The first few hours felt disastrous. I was happy to finish fifth or sixth, my vehicle was blowing up consistently and generally I didn’t understand what was needed of me. I declined to watch humongous YouTube videos, believing in my ability to watch and learn. This is arcade racing; how hard can it be?
After a while I got it. I got the fact that Wipeout requires reaction, not precision. I got that bumping into other cars or into the walls only lead to my atomic annihilation.
In fact, after a while I started seeing similarities between the game and the pod racing scene from Star Wars: Episode One. Yes, the speed, the dirty play, the futuristic antigravity vehicles – it’s all there. As an avid fan, I was ecstatic to see one of the craziest action scenes in movie history play out like this. I’s fairly easy to imagine that this game actually shows pod racing – it is set in future, after all. One thing that “spoils” the imitation is the soundtrack, which never masks its Earth origins.
If you want to survive, learn a few rules. First – never use analogue stick to navigate the corners. There’s no need for precision. You’ll also need L2 and R2 buttons for drifting. Without those you’ll never be able to survive.
Otherwise there’s nothing unique. There are a lot of modes – a lot more than I anticipated, in fact. There’s your normal race where you try to come first against a pack of AI opponents. Fast reaction is key, but don’t hesitate to use numerous weapons. Some of your rivals won’t even finish the race in one piece. Sometimes the game reminds me of Mario Kart, which is great, for there I have hundreds of hours of experience.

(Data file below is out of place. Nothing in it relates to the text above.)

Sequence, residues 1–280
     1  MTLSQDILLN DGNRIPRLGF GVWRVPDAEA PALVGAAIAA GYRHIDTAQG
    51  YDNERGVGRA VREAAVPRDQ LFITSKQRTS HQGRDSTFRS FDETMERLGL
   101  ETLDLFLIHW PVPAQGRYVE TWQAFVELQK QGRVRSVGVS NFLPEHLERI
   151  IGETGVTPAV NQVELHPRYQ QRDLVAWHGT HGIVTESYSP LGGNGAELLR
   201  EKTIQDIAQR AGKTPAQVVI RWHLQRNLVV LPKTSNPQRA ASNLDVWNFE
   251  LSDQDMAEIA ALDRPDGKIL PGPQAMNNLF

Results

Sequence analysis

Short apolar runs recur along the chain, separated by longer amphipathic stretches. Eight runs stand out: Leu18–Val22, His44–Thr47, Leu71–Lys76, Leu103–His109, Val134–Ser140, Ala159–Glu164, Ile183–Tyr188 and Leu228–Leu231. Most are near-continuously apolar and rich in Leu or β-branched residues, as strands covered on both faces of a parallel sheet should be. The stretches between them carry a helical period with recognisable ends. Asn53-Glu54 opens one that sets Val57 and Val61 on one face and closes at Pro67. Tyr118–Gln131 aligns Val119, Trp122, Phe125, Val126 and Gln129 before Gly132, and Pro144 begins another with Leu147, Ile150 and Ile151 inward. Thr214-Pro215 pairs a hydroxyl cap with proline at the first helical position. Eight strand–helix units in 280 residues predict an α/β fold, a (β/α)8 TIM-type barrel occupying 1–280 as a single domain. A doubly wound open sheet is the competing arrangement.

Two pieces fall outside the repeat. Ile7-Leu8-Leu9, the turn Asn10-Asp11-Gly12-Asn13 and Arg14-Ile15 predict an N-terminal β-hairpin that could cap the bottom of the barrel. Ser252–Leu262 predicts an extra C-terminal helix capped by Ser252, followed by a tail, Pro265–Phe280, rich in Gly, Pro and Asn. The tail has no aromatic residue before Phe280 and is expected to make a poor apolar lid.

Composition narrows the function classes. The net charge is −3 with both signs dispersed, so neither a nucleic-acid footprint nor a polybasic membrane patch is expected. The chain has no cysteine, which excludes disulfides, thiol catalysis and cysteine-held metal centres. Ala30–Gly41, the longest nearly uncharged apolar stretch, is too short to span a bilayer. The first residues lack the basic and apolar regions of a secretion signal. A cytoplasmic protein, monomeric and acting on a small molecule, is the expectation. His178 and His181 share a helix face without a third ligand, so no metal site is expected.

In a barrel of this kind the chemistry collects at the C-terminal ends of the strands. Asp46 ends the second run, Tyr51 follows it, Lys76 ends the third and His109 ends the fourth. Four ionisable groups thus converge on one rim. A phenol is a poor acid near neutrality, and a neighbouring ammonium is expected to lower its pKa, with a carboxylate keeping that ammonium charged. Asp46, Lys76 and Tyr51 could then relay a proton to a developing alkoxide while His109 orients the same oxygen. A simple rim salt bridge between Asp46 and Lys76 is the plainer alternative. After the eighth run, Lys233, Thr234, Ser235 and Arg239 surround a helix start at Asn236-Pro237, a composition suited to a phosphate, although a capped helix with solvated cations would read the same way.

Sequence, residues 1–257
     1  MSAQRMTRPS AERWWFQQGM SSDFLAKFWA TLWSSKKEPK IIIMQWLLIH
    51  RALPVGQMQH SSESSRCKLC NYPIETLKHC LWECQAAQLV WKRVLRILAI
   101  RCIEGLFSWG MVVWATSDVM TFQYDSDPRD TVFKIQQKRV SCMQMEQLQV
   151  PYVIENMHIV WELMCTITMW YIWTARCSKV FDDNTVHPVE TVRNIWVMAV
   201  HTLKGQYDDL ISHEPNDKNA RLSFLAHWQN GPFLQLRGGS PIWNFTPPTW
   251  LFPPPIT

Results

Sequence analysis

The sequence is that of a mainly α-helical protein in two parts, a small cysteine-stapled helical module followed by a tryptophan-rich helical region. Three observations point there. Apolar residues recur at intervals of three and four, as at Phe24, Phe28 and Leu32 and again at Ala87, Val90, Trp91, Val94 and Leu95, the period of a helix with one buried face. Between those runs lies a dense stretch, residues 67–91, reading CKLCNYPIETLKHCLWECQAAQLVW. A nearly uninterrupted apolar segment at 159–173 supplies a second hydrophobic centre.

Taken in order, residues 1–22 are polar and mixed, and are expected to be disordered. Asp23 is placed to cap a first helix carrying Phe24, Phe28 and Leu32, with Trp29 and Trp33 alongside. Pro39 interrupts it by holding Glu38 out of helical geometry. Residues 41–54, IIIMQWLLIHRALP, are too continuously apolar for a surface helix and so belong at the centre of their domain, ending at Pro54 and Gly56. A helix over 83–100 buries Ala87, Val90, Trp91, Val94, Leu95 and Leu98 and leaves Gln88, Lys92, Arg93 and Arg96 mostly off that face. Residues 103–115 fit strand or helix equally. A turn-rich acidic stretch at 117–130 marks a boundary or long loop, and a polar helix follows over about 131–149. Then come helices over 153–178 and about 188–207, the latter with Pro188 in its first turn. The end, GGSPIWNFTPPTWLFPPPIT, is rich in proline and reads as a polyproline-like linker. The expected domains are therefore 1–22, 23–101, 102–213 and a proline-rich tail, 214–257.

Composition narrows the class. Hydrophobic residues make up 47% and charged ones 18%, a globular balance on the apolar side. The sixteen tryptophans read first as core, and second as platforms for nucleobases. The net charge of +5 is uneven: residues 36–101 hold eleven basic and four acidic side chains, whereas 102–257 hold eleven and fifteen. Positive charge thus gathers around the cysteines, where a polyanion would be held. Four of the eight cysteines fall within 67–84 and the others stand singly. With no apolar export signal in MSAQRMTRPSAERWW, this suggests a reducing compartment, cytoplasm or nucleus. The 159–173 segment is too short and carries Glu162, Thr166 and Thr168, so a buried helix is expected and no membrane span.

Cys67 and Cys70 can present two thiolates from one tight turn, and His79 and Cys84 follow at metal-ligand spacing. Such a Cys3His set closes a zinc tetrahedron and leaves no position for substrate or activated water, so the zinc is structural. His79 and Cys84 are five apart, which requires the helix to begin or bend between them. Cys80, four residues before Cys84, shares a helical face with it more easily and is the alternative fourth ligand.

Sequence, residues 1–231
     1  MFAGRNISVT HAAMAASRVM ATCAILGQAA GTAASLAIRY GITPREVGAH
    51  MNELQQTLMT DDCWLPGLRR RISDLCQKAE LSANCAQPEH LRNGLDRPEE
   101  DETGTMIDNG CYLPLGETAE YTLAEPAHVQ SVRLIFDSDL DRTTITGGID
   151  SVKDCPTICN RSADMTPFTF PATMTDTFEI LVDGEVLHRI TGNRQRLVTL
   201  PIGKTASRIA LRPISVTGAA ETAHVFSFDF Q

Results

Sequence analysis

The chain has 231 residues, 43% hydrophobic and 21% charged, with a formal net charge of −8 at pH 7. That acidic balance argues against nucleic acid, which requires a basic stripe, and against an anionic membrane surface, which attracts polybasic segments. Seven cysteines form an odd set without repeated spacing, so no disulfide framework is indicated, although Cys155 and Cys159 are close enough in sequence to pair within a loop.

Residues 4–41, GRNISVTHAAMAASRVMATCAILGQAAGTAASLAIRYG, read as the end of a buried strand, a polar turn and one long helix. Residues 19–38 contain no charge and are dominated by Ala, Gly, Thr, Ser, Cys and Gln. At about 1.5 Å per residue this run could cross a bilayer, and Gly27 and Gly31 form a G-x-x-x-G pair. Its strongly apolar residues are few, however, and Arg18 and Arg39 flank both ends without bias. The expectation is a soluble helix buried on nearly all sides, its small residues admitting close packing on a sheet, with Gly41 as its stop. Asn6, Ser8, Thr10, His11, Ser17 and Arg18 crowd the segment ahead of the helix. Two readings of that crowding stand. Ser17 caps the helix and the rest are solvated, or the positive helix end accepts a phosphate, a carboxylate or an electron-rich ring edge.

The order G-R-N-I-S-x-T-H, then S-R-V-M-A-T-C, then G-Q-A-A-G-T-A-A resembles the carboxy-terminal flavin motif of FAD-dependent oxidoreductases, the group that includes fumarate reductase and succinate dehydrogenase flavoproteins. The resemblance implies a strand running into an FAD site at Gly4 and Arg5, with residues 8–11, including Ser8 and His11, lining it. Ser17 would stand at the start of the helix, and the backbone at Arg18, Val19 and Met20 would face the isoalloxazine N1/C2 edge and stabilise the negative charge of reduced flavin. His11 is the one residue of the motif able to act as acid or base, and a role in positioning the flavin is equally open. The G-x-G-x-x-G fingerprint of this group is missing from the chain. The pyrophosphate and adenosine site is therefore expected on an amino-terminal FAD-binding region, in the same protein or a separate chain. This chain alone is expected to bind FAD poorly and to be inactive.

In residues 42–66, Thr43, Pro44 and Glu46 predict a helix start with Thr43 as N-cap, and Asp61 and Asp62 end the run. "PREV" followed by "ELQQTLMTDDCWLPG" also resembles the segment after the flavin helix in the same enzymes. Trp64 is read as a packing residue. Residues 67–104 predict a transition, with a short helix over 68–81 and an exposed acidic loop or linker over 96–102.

Not all modes are created equal. I would prefer a lot more of traditional races. They are fast, engaging and simply fun. Not at all like timed laps, of which there are many. Those I dislike with passion. They are, at best, dull. Sure, they are great for practice, but the fact that there are so many of them is disconcerting. You can say that I hate them so much only because I constantly suck at them. You can say that.
Battle modes are something else. These, I like. Especially the ones in Fury. I almost never lose here; maybe, once again, thanks to years of Mario Kart. Shooting your adversaries on track is always fun. Some other modes (like zone mode) are fine as well, offering something different from your classic races.
In many ways Wipeout: Omega Collection feels like a truly old-school experience. While it has fantastic visuals and handling, it completely lacks good presentation. The gameplay is polished to perfection, but the game itself feels sterile and cold. Because of that, I felt no motivation to play. Why bother? To gain another gold medal? Big deal. Once again, it felt like something from a mobile game.